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First official approval.
the children of non-burgesses, seventy-three of whom used to assemble under a shoemaker in his house in the suburbs. With this arrangement, however, the shoemaker and the parents of the children were by no means satisfied. "If the burgesses like the new method," they said very reasonably, "let them try it on their own children." Their grumbling was heard, and permission to teach was withdrawn from Pestalozzi.
$ 52. The check, however, was only temporary. His friends were wiser than the shoemaker, and they procured for him admission into the lowest class of the school for burghers' children. In this class there were about 25 children, boys and girls between the ages of 5 and 8: Here he proved that he was vastly different from a mere dreamer. After teaching these children in his own way for eight months he received the first official recognition of the merits of his system. The Burgdorf School Commission after the usual examination, wrote a public letter to Pestalozzi, in which they said: "The surprising progress of your little scholars of various capacities shews plainly that every one is good for something, if the teacher knows how to get at his abilities and develop them according to the laws of psychology. By your method of teaching you have proved how to lay the groundwork of instruction in such a way that it may afterwards support what is built on it. . . Between the ages of 5 and 8, a period in which according to the system of torture enforced hitherto, children have learnt to know their letters, to spell and read, your scholars have not only accomplished all this with a success as yet unknown, but the best of them have already distinguished themselves by their good writing, drawing, and calculating. In them all you have been able so to arouse and excite a liking for history, natural history,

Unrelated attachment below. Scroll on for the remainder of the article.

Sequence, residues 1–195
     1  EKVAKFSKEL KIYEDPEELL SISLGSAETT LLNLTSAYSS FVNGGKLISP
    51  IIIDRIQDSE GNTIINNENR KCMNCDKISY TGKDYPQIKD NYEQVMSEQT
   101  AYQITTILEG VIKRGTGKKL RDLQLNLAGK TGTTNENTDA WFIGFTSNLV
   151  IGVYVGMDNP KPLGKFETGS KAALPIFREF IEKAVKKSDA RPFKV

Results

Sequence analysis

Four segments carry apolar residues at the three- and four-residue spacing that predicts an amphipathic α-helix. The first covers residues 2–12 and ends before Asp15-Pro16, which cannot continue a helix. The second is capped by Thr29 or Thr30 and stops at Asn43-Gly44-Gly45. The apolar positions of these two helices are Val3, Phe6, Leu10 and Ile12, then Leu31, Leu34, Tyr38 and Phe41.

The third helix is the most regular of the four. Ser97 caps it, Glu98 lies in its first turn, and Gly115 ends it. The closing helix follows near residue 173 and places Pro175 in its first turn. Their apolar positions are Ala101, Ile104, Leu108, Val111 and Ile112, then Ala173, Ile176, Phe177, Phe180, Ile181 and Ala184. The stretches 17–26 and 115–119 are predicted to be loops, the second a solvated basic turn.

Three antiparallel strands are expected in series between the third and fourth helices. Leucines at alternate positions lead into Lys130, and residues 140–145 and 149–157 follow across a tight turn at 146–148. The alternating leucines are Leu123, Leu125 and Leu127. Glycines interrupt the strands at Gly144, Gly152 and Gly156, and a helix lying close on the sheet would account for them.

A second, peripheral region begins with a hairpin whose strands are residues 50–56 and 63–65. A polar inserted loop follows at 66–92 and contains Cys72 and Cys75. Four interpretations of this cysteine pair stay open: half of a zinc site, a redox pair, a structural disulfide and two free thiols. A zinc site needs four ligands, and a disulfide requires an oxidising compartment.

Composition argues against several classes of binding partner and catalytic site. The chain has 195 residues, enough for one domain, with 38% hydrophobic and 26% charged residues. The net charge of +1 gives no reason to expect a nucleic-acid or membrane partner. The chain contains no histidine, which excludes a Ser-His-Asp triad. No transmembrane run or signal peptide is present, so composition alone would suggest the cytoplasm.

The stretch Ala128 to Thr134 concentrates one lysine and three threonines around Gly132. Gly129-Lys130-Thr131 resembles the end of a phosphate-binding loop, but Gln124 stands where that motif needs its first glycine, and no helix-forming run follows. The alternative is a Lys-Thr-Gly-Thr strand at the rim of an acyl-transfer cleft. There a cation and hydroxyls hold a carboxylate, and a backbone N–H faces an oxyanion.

A child's notion of P.'s teaching.
mensuration, geography, &c., that thus future teachers must find their task a far easier one if they only know how to make good use of the preparatory stage the children have gone through with you" (Morf, Pt. I, p. 223).
$53. In consequence of this report, Pestalozzi in June 1800 was made master of the second school of Burgdorf, a school numbering about 70 boys and girls from 10 to 16 years old. With them Pestalozzi did not get on so well. Ramsauer, a poor boy of 10 who afterwards helped Pestalozzi at Yverdun and became one of his best teachers, has left us his remembrances. Two things seemed clear to the child's mind: Ist, that their teacher was very kind but very unhappy; 2nd, that the pupils did not learn anything and behaved very badly. Many schoolmasters have smiled in derision at this account of Pestalozzi's actual teaching; but in reading it several things should be borne in mind. First Ramsauer as a child would have a keen eye and good memory for the master's eccentricities; but how far the teaching succeeded. he could not judge, for he did not know what it aimed at. Then again he saw that Pestalozzi's zeal. was for the whole school, not for individual scholars. But the child who knew of nothing beyond Burgdorf could not tell that Pestalozzi was thinking not so much of the children of Burgdorf as of the children of Europe. For Burgdorf-whether it was pleased to honour or to dismiss Pestalozzi-could not contain him. His aims extended beyond the town, beyond canton Bern, beyond Switzerland even; and he was consumed with zeal to bring about a radical change in elementary education throughout Europe. The truth which was burning within him he has himself expressed as follows:
"If we desire to aid the poor man, the very lowest among the people, this can be done in one way only, that is, by
P. engineering a new road.
changing his schools into true places of education, in which the moral, intellectual, and physical powers which God has put into our nature may be drawn out, so that the man may be enabled to live a life such as a man should live, contented in himself and satisfying other people. Thus and only thus does the man, whom in God's wide world nobody helps and nobody can help, learn to help himself." "The public common school-coach throughout Europe must not simply be better horsed, but still more it must be turned round and be brought on to an entirely new road." (Quoted by Morf, P. I, p. 211.)